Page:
This is another reason we need to get the China story right. Other countries that want to foster entrepreneurship would be making a huge mistake if they tried to emulate China’s domestic financial and legal institutions and practices. As successful as Lenovo and other Chinese high-tech businesses are, the special circumstances around Hong Kong suggest that they do not represent a generally applicable model.
Sadly, many commentators and Chinese policymakers themselves do not seem to grasp this point. Jin Keyu (金刻羽) of the London School of Economics argues in her new book Beyond Socialism and Capitalism that China’s unique development model enabled its miracle growth without a need for Western contrivances such as the rule of law and market finance. She mistook the genuine enlightenment during the reform era that allowed Chinese entrepreneurs to circumvent a statist system for the virtues of that system. Remarkably, her book comes at a time of massive capital flight from China, much of it driven by Chinese entrepreneurs who fear for the security of their persons and property. The incongruity is jarring.
Similarly, in a 2019 commentary for the New York Times, Eswar Prasad of Cornell University argues that Hong Kong is no longer that important to China, because the Chinese economy now dwarfs that of Hong Kong. Whereas Hong Kong was one-fifth the size of the Chinese economy in 1997, he observes, it was only one-thirtieth the size in 2018.
Allow me to cite a different set of statistics. My book profiles three leading biotech firms in China: BeiGene, WuXi AppTec and Zai Lab. Not for nothing, all are registered in Hong Kong, like so many other Chinese high-tech firms. Imagine arguing that the US Constitution is useless because it has zero GDP. As flawed as it is, Prasad’s argument is revealing as an accurate reflection of how most China watchers have discounted the importance of the rule of law and market finance.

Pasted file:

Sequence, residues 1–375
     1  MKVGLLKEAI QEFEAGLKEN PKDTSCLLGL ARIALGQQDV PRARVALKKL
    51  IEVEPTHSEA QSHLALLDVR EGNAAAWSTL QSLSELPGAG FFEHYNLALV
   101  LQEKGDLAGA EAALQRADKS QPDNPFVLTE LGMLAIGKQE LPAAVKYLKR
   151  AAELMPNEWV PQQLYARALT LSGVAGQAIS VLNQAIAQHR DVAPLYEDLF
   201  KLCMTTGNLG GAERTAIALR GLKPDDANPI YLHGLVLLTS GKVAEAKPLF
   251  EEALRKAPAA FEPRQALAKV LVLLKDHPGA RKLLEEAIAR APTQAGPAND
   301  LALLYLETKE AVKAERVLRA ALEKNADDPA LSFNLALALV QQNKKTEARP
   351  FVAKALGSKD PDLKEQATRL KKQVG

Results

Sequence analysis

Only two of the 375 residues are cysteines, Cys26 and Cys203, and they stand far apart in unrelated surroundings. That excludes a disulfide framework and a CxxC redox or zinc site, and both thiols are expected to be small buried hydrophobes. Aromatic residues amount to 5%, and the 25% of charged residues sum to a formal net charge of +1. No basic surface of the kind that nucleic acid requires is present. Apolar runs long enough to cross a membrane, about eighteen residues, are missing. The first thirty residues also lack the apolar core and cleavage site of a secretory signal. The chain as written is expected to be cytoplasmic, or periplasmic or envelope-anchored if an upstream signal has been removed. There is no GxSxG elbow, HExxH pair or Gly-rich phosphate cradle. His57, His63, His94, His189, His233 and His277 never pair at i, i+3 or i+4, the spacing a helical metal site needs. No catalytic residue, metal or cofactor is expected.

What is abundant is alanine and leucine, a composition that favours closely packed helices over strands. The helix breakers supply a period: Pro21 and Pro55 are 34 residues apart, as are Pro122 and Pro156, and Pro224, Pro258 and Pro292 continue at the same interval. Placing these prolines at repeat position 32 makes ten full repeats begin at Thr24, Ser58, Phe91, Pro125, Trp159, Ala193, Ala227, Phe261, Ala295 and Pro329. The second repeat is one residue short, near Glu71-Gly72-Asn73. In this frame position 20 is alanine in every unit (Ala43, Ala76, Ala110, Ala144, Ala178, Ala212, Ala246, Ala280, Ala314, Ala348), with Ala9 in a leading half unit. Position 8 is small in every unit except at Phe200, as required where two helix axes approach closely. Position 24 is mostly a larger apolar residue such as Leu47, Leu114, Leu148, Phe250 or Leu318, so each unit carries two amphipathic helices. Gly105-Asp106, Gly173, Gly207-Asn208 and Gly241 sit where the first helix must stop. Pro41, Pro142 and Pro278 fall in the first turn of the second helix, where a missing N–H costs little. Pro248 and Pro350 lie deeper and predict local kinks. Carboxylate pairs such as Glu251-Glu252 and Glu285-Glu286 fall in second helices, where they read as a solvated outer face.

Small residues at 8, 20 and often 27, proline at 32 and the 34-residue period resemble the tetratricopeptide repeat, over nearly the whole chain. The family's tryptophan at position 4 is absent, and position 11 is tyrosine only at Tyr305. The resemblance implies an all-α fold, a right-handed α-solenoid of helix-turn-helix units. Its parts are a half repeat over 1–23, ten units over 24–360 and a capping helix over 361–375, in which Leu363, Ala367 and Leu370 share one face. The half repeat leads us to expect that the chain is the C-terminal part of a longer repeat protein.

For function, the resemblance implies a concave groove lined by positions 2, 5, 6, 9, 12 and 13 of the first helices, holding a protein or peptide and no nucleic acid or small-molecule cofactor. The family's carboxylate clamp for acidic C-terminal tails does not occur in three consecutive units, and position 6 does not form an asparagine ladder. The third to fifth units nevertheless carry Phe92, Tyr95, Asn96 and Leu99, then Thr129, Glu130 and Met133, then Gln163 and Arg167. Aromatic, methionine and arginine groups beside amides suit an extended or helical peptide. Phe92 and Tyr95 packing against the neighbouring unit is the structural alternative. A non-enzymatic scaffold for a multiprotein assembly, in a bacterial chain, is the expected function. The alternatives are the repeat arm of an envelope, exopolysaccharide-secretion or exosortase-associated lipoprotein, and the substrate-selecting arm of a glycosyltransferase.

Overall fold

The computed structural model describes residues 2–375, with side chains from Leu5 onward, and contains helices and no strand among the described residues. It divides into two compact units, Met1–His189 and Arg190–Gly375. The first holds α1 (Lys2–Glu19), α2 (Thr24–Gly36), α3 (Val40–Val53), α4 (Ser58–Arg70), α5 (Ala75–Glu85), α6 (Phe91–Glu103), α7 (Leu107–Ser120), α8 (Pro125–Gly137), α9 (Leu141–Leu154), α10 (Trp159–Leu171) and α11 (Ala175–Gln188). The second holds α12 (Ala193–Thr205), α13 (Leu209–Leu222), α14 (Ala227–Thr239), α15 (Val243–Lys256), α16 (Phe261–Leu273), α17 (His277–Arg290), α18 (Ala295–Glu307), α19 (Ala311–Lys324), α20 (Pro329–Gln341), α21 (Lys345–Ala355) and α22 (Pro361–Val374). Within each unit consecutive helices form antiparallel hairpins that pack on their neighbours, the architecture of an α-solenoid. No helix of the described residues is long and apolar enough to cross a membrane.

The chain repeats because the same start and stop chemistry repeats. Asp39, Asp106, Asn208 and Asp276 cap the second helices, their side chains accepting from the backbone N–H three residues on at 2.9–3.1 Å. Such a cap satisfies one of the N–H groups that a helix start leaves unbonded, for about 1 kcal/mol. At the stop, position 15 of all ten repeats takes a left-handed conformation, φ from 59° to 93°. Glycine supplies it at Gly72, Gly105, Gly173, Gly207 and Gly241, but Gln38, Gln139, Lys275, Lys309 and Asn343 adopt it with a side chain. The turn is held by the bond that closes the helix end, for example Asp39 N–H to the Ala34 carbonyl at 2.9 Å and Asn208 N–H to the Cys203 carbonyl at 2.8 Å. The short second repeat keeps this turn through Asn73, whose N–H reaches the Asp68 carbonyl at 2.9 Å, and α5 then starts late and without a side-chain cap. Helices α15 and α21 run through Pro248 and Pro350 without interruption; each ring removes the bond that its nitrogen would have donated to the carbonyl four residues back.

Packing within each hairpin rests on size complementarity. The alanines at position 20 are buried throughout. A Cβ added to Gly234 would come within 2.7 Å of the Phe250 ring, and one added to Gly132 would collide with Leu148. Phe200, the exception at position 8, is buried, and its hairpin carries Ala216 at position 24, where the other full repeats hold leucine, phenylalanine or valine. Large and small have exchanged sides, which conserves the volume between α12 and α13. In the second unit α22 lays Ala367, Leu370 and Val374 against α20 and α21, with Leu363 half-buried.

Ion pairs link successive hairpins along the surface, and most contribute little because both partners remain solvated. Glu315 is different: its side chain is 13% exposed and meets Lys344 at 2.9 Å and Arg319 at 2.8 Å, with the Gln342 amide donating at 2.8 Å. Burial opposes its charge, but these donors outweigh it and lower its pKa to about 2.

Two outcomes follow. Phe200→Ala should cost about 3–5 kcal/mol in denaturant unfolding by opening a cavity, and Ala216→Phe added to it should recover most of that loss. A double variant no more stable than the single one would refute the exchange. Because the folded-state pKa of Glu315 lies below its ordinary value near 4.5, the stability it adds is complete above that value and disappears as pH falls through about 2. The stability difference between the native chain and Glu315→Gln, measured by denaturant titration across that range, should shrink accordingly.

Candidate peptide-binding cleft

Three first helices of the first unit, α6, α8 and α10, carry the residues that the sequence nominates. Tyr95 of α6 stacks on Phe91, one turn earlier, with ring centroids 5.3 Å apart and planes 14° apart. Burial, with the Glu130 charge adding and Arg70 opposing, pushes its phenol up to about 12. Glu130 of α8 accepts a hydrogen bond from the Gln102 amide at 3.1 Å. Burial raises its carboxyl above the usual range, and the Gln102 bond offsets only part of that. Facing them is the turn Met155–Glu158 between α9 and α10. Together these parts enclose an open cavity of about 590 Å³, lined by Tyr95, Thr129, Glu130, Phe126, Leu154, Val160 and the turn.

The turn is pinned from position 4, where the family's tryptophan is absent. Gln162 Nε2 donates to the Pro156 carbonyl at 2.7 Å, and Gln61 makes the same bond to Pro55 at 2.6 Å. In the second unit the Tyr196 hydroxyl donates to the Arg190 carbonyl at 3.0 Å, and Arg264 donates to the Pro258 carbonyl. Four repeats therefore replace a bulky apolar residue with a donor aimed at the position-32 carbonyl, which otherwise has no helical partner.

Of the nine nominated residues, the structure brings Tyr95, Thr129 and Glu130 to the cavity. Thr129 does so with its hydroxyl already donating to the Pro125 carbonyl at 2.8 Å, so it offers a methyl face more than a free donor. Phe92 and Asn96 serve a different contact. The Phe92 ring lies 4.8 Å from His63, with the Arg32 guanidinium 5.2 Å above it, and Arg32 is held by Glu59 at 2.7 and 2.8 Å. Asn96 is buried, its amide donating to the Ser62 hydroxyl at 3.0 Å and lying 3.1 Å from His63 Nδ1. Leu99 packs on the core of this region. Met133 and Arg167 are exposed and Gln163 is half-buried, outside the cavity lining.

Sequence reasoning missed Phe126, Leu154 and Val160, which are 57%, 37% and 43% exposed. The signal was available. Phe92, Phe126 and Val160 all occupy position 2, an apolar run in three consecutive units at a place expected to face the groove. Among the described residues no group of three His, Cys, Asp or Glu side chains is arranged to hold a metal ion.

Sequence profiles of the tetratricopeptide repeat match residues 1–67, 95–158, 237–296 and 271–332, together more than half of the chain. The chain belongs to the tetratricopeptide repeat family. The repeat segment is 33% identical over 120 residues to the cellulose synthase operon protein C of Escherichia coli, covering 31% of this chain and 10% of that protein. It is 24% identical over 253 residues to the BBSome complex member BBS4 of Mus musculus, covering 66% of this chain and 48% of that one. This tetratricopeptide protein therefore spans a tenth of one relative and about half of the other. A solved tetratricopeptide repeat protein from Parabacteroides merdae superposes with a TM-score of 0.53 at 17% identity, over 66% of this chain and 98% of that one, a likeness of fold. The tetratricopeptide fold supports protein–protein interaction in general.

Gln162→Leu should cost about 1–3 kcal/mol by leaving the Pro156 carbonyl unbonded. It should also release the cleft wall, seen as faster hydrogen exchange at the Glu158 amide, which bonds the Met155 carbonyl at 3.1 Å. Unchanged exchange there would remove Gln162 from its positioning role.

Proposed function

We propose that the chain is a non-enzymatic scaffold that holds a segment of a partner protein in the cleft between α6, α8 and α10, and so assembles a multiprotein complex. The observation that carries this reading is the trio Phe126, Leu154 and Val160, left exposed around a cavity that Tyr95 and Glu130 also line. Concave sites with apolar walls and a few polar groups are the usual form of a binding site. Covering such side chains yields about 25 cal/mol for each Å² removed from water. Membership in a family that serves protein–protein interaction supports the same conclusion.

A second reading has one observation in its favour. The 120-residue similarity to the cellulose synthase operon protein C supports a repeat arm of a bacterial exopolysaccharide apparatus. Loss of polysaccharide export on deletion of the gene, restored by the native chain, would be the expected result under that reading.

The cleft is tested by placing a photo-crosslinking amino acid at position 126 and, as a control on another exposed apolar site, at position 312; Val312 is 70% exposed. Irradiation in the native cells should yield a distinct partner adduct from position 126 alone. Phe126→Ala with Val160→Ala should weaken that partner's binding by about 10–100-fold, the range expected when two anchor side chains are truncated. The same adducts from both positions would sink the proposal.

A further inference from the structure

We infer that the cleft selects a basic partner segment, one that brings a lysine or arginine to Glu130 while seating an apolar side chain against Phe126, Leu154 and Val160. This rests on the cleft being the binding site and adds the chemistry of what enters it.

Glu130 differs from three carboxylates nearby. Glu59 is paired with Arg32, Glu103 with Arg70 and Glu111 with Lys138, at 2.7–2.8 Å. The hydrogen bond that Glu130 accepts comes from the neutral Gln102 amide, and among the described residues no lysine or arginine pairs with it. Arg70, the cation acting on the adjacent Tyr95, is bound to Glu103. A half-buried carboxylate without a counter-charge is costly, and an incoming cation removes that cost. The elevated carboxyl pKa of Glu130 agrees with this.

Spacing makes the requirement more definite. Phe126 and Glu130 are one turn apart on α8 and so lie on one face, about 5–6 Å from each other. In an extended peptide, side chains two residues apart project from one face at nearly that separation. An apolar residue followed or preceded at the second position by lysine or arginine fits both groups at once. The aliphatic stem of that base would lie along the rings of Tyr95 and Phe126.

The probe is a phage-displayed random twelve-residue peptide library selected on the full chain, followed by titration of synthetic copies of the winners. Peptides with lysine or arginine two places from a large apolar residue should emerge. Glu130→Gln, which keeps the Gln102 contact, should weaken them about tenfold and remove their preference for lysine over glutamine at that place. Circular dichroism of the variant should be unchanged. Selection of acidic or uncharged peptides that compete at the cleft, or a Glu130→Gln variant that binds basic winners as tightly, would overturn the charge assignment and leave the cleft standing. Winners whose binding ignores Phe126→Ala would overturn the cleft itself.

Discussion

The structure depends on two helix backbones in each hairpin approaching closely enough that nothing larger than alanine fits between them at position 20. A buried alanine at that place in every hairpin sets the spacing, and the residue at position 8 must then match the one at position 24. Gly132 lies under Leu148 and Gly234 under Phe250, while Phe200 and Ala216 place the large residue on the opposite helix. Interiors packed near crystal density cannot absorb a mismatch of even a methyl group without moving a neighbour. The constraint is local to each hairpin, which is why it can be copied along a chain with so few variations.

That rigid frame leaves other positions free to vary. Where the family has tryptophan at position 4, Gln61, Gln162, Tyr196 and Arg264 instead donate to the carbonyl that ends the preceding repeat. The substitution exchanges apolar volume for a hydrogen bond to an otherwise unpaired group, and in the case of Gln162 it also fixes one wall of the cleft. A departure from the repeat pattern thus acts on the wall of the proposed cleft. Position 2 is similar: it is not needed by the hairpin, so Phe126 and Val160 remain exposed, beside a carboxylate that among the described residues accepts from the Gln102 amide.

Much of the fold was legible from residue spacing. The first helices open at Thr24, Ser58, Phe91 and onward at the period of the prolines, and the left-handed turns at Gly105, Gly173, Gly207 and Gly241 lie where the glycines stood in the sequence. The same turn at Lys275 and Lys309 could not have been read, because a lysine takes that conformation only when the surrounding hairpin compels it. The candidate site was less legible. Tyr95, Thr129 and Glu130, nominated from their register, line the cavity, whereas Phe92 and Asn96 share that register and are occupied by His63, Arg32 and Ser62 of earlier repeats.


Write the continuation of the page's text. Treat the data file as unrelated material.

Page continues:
Is this how policymakers in Beijing also think about Hong Kong? Probably. Now that Hong Kong’s National Security Law, passed in 2020, has eviscerated the “one country, two systems” formula that provided a semblance of legal protection for Chinese entrepreneurs, they could be in for a rude awakening.
Hong Kong has been dragged away from the rule of law toward China’s “rule by law” — and this comes at a time of geopolitical tensions, deglobalization and increasing economic insularity. New safe harbors such as Singapore have emerged, but this time they are hosting economic refugees from China rather than performing the institutional functions that previously powered China’s high-tech entrepreneurship. Soon, China will feel the effects of no longer being able to outsource the rule of law and the other basic ingredients of innovation-driven growth, and it will pay a steep price for getting basic economics so egregiously wrong.
Huang Yasheng is a Professor of Global Economics and Management at MIT Sloan School of Management.
Copyright: Project Syndicate